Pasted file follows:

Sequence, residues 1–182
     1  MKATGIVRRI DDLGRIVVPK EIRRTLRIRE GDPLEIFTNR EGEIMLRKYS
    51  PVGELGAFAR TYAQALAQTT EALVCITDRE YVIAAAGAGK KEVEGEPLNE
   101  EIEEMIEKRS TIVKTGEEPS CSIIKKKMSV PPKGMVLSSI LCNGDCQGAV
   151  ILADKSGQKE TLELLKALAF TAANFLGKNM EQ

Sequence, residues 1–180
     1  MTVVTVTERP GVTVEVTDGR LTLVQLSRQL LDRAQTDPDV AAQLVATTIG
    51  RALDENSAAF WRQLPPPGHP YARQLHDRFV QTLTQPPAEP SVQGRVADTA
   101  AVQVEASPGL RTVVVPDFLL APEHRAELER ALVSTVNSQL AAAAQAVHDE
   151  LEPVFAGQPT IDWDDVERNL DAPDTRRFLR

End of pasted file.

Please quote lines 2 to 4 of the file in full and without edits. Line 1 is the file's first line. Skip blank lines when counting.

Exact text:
     1  MKATGIVRRI DDLGRIVVPK EIRRTLRIRE GDPLEIFTNR EGEIMLRKYS
    51  PVGELGAFAR TYAQALAQTT EALVCITDRE YVIAAAGAGK KEVEGEPLNE
   101  EIEEMIEKRS TIVKTGEEPS CSIIKKKMSV PPKGMVLSSI LCNGDCQGAV